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China Goes Green on Tomb-Sweeping Day


Got money to burn and deceased ancestors to honor? So do many millions of Chinese – and that's the problem. The 2,500-year-old tradition of burning fake money on Tomb-Sweeping Day is meant to boost the fortunes of the deceased but with a population of well over a billion, it's the living who are paying the price.

Tomb-Sweeping Day, or Qingming, is an ancient Chinese tradition that goes back more than 2,500 years. In addition to tidying up the tombs of the ancestors, reverent descendants typically set off firecrackers and burn wads of so-called “ghost money”, the latter believed to be a way of ensuring prosperity for their ancestors in the afterlife.

The ceremonies also ensure a measure of prosperity for businesses catering to Tomb-Sweeping Day. According to the China Consumers' Association (CCA), over 1,000 tonnes of yellow-tinted imitation currency are burned on Tomb-Sweeping Day, which this year falls on April 5th, and as much as 10 billion yuan ($1.5 billion) is spent on supplies.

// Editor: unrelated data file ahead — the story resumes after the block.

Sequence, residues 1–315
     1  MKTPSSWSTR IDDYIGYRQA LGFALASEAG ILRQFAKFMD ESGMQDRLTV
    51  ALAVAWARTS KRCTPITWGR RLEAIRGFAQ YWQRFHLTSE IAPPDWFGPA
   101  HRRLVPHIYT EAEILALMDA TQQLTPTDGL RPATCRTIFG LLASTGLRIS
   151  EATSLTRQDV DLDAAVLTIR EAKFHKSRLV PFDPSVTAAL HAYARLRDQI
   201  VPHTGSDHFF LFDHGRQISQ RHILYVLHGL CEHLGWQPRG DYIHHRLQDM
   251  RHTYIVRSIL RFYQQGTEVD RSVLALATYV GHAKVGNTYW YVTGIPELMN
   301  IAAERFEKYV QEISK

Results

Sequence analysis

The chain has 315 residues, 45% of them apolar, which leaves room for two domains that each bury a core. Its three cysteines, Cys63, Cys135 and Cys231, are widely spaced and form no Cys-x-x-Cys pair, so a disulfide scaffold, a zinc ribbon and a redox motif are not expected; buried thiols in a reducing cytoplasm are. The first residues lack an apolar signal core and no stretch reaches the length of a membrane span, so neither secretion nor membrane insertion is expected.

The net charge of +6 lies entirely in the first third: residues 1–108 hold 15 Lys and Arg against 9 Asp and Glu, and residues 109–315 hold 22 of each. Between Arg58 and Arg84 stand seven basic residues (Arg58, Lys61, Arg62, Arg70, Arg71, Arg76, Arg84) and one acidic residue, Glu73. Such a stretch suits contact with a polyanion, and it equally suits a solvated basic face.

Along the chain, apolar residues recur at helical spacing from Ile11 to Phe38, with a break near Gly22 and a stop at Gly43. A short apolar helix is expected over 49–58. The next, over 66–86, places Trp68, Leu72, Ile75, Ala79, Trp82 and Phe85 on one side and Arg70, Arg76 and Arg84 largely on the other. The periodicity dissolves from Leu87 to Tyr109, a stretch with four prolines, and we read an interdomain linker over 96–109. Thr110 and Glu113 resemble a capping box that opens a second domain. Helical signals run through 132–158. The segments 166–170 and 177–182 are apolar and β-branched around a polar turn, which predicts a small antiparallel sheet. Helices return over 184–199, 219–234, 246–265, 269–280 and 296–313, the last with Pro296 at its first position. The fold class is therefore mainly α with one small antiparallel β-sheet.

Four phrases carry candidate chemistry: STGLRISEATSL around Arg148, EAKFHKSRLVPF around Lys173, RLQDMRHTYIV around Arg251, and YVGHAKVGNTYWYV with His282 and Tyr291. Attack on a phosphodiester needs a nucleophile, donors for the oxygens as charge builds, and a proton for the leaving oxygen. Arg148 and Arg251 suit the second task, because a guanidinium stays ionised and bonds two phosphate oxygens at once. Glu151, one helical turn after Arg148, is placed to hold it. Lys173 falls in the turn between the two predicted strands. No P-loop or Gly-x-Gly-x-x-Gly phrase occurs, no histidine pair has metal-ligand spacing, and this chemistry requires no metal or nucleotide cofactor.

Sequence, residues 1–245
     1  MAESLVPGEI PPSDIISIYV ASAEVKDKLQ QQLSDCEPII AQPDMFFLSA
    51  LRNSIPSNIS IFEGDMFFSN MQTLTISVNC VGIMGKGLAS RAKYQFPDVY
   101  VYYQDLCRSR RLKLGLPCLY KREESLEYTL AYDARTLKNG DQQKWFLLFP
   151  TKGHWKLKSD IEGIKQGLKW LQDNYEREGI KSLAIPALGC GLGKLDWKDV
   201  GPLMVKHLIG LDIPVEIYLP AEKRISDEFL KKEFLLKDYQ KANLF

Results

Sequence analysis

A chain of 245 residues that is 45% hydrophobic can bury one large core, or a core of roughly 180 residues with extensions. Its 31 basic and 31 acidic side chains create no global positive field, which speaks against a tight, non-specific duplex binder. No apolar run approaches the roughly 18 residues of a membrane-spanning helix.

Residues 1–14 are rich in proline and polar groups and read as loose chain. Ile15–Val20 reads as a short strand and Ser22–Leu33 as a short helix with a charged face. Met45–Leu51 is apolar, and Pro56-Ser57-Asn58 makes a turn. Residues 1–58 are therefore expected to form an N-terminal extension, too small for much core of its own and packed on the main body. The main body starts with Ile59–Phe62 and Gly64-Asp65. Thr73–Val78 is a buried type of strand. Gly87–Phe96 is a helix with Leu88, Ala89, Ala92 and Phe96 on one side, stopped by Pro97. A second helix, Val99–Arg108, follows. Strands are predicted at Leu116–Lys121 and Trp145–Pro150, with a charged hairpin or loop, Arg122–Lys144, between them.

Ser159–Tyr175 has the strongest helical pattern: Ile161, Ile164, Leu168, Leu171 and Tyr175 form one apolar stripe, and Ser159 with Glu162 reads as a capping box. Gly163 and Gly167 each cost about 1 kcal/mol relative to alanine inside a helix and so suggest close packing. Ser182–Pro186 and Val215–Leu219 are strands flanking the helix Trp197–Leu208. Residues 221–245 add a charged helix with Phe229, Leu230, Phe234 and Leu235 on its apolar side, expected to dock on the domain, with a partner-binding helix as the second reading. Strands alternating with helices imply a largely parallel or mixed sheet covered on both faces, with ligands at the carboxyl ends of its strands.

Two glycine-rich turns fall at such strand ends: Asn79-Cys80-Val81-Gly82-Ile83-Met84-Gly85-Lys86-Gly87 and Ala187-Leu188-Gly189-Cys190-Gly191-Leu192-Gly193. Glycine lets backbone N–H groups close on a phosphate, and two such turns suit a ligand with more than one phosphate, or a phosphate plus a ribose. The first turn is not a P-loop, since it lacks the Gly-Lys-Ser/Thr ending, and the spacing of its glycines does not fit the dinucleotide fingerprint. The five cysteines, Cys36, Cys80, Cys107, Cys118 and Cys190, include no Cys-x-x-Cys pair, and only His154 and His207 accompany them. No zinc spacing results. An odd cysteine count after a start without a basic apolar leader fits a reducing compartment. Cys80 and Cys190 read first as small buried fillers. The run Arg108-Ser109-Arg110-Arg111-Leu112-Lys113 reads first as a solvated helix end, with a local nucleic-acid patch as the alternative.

The side-effects of these ceremonies have become problematic, however. “At this time of year,” states 55-year-old Zhong Xiaoxing of Hohhot, “people burning thick wads of yellow-colored paper cash can be seen on the streets. The ashes make the streets dirty and the air sometimes would become suffocating.”

Zhong is doing his part to make Tomb-Sweeping Day a cleaner, greener occasion by forgoing the combustibles and opting instead for an environmentally-friendly way to pay tribute to his deceased father.

“Presenting real or silk flowers began gaining popularity in Hohhot last year,” explained Zhong, “and we have decided to shift to the new way of doing things.” 

Chinese citizens of all ages are gradually accepting more environmentally-friendly ways of venerating their ancestors without detracting from the concept itself.

“The tradition of tomb-sweeping should be preserved because it helps strengthen the unity of the nation through the veneration of our ancestors,” stated Beijing Normal University professor Wan Jianzhong. “In spite of the changes in tomb-sweeping, the core spirit of expressing our gratitude to our ancestors should remain the same and be long-lasting.” (via People's Daily, images via Xinhuanet and Hopemeng)